But my growth was terribly fast now. The other nebulae were merging, it would seem at first, upon me. But my slow progress through space became faster as I grew larger, and even as they came upon me, like flying arrows now, I shot above them. Then they, too, merged. The result was a vast nucleus of glowing material.
A great light began to grow all about me. Above I suddenly observed, far away, a huge brightness that seemed to extend all over the universe. But it began definitely. It was as though one were in a great ball, and the nebulae, a sunlike body now, were in the center. But as I became larger with every instant, the roof-like thing diffused, even as before things had converged, and formed into separate bodies, like stars. I passed through them finally, and they came together again behind me as I shot away, another great body.
A coincidence suddenly struck me. Was not this system of a great ball effect with a nucleus within similar to what the atom was said to be? Could the nucleus and its great shell be opposite poles of electrical energy, then? In other words, was this an electron—a huge electron composed of universes? The idea was terrible in its magnitude, something too huge for comprehension.
And so I grew on. Many more of these electrons, if such they were, gathered together, but my luck held and I passed beyond this new body thus formed—a molecule? I wondered. Suddenly I tired of the endless procession of stars coming together, forming ever into new stars that came together too. I was getting homesick. I wanted to see human faces about me again, to be rid of this fantastic nightmare. It was unreal. It was impossible. It must stop.
A sudden impulse of fear took hold upon me. This should not go on forever. I had to see my earth again. All at once, I reached down, and pressed the central button to stop.
But just as a swiftly moving vehicle may not stop at once, so could not I. The terrific momentum of my growth carried me on, and the machine moved still, though slower. The stars seemed shooting upon me, closing about me. I could see no end of them before me. I must stop or they would be about me.
Closer in they came, but smaller and smaller. They became a thousand pinpoints shooting about me. They merged into a thick, tenuous cloud about me, thicker and thicker. I was shooting up now, but my growth had stopped. The cloud became a cold, clammy thing that yielded to the touch, and— and it was water! Yes, pure water! And I was floating in it‥‥
Suddenly I shot up, out of the water, and fell back. Strength returned to me, and warmth, and love of life. It was water, something I knew, something familiar, a friend. And so I swam, swam on and on, until my feet touched bottom, and I was leaping forth out of the water, on to the sand‥‥
There is no need to drag the tale out. I awoke finally from an exhausted sleep, and found myself in a world that was strange, yet familiar. It might have been a lonely part of the earth, except for an atmosphere of strangeness that told me subconsciously it was another world. There was a sun, but it was far distant, no larger than my moon. And vast clouds of steam hung over the jungles beyond the sand, obscuring them in a shimmering fog, obscuring the sun so that it danced and glimmered hazily through the curtain. And a perpetual twilight thus reigned.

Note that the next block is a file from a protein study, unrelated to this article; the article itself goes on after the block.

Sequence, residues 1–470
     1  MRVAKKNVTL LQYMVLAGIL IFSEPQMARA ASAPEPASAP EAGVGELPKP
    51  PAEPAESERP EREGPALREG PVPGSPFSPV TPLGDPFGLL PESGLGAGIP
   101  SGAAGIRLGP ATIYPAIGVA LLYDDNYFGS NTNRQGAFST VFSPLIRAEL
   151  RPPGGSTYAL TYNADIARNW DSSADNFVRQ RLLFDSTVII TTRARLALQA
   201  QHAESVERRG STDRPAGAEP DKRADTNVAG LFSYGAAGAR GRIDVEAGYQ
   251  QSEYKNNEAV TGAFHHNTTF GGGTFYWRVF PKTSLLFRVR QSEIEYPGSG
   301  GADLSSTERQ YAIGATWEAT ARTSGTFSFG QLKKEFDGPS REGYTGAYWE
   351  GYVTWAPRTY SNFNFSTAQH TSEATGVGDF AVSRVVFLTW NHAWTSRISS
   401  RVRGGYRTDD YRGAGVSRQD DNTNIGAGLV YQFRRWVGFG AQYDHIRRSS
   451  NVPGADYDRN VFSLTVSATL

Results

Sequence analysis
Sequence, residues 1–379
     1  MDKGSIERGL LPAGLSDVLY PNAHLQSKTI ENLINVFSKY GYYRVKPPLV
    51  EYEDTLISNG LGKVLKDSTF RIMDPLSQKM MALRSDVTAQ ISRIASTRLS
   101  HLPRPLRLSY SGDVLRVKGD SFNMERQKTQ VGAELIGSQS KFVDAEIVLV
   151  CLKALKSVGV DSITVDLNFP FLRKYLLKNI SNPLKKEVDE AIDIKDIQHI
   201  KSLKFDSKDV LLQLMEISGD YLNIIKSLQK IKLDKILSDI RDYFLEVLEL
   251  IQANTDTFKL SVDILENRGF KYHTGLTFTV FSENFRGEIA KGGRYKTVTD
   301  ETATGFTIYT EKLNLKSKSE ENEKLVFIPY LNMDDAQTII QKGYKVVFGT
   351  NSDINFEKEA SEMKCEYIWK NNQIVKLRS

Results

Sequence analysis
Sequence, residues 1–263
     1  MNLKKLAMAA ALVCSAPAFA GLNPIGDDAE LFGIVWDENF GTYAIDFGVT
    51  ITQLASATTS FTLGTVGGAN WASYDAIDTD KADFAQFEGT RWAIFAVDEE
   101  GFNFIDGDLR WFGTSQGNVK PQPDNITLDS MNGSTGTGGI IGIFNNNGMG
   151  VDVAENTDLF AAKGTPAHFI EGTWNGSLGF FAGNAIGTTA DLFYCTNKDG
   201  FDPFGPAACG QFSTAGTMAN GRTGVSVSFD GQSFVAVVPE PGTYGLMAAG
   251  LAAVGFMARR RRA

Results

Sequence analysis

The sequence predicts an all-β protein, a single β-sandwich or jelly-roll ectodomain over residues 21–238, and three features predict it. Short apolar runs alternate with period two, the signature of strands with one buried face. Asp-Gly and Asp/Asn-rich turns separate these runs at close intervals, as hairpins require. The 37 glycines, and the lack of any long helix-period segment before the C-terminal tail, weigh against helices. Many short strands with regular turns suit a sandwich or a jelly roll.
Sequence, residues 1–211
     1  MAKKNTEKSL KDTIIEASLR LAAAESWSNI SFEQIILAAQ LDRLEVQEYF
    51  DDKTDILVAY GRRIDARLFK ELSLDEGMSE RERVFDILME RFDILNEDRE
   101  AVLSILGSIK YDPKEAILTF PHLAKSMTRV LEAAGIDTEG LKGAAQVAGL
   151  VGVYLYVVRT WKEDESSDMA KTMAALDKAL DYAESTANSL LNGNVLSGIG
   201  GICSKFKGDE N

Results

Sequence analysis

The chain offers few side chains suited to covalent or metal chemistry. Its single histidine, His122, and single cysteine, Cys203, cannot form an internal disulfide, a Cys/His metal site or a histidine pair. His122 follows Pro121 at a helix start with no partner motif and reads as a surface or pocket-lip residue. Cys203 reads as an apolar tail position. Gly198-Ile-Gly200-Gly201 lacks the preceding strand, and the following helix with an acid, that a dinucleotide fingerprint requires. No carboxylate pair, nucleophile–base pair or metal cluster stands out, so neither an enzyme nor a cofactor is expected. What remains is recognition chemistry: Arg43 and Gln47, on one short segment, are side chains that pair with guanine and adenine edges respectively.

I tried to tell myself I was in some strange manner home. But I knew I was not. At last, breaking beneath the weight of homesickness and regret, I surrendered to a fit of weeping that shamed my manhood even as I wept. Then a mood of terrible, unreasoning anger against Fate enveloped me, and I stormed here and there about the beach.
And so, all through the night, I alternately wept and raged, and when the dawn came I sank again in peaceful slumber‥‥
When I awoke, I was calm. Obviously, in stopping I told myself I had been left in a cloud of atoms that proved to be part of another group of matter, another earth or atom, as you will. The particular atoms I was in were part of the ocean.
The only thing to do was to return. I was ashamed of my madness now, for I had the means of return. In the third button…the bottom button. I saw no reason for delay. I splashed back into the water, and swam hastily out to the point where it seemed I had risen. I pushed the lowest button. Slowly I felt myself grow smaller and smaller, the sense of suffocation returned, only to pass away as the pinpoints shot about me again, but away this time. The whole nightmare was repeated now, reversed, for everything seemed to be opening up before me. I thrilled with joy as I thought of my return to my home, and the Professor again. All the world was friend to me now, in my thoughts, a friend I could not bear to lose.
And then all my hopes were dashed. How, I thought, could I strike my own earth again? For even if I had come to the right spot in the water to a certainty, how could I be sure I would pass between just the right cloud of molecules? And what would lead me to the very electron I had left? And, after the nucleus, why should I not enter the wrong nebula? And even if I should hit the right nebula, how should I find my own star, my own earth? It was hopeless, impossible!…And yet, so constituted is human nature that I could hope nevertheless!